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A play written in prison and a previously unpublished screenplay by Jean Genet published by Gallimard

Editions Gallimard have just published two unpublished works by Jean Genet, the four-act drama Héliogabale, never staged on stage and long considered lost, and the screenplay for Mademoiselle, adapted for the cinema, by the British director Tony Richardson in 1966, with in the title role Jeanne Moreau.

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A play written in prison and a previously unpublished screenplay by Jean Genet published by Gallimard

Editions Gallimard have just published two unpublished works by Jean Genet, the four-act drama Héliogabale, never staged on stage and long considered lost, and the screenplay for Mademoiselle, adapted for the cinema, by the British director Tony Richardson in 1966, with in the title role Jeanne Moreau. Jean Genet (1910-1986) wrote the screenplay in the form of a long short story with dialogues in 1951, with the title Forbidden Dreams, or the other side of the dream.

After several aborted attempts with other directors, the writer was approached by Tony Richardson to refine this script, got to work, but gave no further news and completely lost interest. This drama was nevertheless filmed, in Corrèze, and poorly received during its screening at the 1966 Cannes Film Festival.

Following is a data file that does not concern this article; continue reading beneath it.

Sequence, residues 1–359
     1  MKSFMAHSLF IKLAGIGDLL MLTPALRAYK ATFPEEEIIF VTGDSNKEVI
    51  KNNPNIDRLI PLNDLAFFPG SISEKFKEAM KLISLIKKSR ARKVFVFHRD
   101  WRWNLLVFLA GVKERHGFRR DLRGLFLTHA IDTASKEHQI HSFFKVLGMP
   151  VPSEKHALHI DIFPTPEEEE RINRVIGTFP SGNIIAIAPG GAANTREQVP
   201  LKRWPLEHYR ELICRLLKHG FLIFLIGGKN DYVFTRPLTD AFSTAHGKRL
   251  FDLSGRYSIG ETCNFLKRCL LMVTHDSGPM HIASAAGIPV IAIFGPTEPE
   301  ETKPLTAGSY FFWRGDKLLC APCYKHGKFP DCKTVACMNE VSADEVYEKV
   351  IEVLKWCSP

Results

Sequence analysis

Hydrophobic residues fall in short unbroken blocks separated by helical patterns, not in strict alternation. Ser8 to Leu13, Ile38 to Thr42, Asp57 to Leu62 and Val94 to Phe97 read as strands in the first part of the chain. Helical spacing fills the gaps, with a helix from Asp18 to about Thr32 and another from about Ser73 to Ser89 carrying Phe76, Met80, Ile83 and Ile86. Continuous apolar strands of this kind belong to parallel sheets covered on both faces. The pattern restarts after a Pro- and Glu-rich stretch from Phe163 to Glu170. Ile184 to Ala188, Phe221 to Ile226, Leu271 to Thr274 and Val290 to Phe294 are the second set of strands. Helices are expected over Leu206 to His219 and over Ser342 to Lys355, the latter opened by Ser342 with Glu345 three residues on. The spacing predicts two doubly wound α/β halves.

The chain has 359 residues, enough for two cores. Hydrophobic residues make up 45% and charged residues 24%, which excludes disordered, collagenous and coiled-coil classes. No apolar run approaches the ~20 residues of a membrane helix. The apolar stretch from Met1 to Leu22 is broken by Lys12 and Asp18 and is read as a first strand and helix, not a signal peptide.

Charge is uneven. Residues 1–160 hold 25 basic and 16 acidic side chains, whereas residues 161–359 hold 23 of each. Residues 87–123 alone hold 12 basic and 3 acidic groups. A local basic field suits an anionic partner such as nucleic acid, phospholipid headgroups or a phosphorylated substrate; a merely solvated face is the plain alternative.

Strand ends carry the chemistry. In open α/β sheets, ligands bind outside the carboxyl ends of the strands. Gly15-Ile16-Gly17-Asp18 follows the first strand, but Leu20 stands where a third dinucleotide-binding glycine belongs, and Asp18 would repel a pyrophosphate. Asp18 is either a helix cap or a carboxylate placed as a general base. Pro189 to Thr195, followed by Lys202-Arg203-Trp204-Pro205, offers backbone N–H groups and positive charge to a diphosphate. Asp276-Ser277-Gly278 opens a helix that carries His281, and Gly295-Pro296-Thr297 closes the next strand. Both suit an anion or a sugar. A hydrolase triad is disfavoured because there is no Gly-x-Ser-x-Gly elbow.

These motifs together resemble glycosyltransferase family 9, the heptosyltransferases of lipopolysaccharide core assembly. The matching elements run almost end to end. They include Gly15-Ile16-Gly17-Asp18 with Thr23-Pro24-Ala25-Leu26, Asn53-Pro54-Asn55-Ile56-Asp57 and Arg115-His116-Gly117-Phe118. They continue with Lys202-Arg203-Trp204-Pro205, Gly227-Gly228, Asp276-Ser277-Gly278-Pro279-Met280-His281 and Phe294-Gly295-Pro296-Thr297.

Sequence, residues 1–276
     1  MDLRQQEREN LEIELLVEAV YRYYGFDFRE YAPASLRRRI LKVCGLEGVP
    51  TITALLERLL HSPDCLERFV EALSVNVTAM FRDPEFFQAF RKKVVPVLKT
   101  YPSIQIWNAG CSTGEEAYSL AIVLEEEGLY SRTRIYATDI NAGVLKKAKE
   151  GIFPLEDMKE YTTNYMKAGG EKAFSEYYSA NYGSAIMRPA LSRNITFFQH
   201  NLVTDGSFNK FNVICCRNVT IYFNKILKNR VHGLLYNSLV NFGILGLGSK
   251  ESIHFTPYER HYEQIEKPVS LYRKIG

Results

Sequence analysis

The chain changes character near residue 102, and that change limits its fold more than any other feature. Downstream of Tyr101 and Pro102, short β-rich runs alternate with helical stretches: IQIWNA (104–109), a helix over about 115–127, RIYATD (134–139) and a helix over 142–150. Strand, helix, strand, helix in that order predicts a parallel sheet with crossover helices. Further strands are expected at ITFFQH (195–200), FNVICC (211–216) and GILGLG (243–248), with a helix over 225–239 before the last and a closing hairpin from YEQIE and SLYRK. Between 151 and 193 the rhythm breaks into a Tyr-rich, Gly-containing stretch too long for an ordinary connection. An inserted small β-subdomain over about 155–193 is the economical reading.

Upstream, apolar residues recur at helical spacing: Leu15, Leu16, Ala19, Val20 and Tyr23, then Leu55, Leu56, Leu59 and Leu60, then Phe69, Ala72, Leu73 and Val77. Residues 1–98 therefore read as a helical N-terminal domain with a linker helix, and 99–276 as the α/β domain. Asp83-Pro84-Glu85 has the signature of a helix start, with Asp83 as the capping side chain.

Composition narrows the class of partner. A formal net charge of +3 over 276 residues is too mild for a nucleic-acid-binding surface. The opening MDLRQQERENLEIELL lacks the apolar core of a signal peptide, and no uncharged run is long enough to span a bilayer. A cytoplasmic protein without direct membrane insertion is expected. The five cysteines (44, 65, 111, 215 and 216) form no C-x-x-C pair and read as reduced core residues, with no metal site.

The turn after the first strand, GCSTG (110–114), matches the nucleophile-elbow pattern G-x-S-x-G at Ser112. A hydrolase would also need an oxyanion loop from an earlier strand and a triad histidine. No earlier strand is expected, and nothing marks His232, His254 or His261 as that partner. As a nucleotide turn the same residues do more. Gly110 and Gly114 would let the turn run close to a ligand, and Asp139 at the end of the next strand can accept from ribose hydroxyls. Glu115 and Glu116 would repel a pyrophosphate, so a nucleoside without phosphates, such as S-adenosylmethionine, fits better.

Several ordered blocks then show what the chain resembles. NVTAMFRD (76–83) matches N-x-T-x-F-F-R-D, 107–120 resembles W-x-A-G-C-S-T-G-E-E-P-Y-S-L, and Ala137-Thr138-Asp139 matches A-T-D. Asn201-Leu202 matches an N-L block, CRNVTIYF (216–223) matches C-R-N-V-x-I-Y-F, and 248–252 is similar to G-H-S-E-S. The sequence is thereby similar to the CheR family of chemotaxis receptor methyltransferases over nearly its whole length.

Little known until now, however, the four-act drama Héliogabale was essentially written in Fresnes prison in 1942, at the same time as his first novel, Notre-Dame des Fleurs. Imprisoned for stealing books, Genet, 31, then experienced the most prolix period of his life as a writer, which was only just beginning. Once released, he had the play read to a few close friends and Jean Marais, "who had been offered the title role", but who "was hardly enthusiastic", according to the introduction signed François Rouget, professor at the university. Queen's of Kingston (Canada).

Jean Cocteau read it too. Jean Genet never managed to find a publisher for him. He left the manuscript with Cocteau's secretary, who sold it to a specialized bookseller in the 1950s. Then a library at Harvard University, the Houghton Library, bought it in 1983, three years before Genet's death. . This is where François Rouget found him. Heliogabalus depicts the last days of the Roman emperor thus nicknamed, who was assassinated around the age of 19, in the year 222.

In a long review for the NRF magazine, the writer Jonathan Littell (2006 Goncourt Prize for Les Bienveillantes) describes him as a “fabulous, solar and perverse rabble-rouser who so fascinated Genet” after having “remained in the imagination of centuries ( ...) thanks to literature”, notably the essay Heliogabalus or the Crowned Anarchist by Antonin Artaud (1934). As for the Genet of this period, Littell describes him as “caught between his disproportionate literary ambition and the painful reality of his situation”, poverty and the quest for his origins, he born to an unknown father, then abandoned by his mother.

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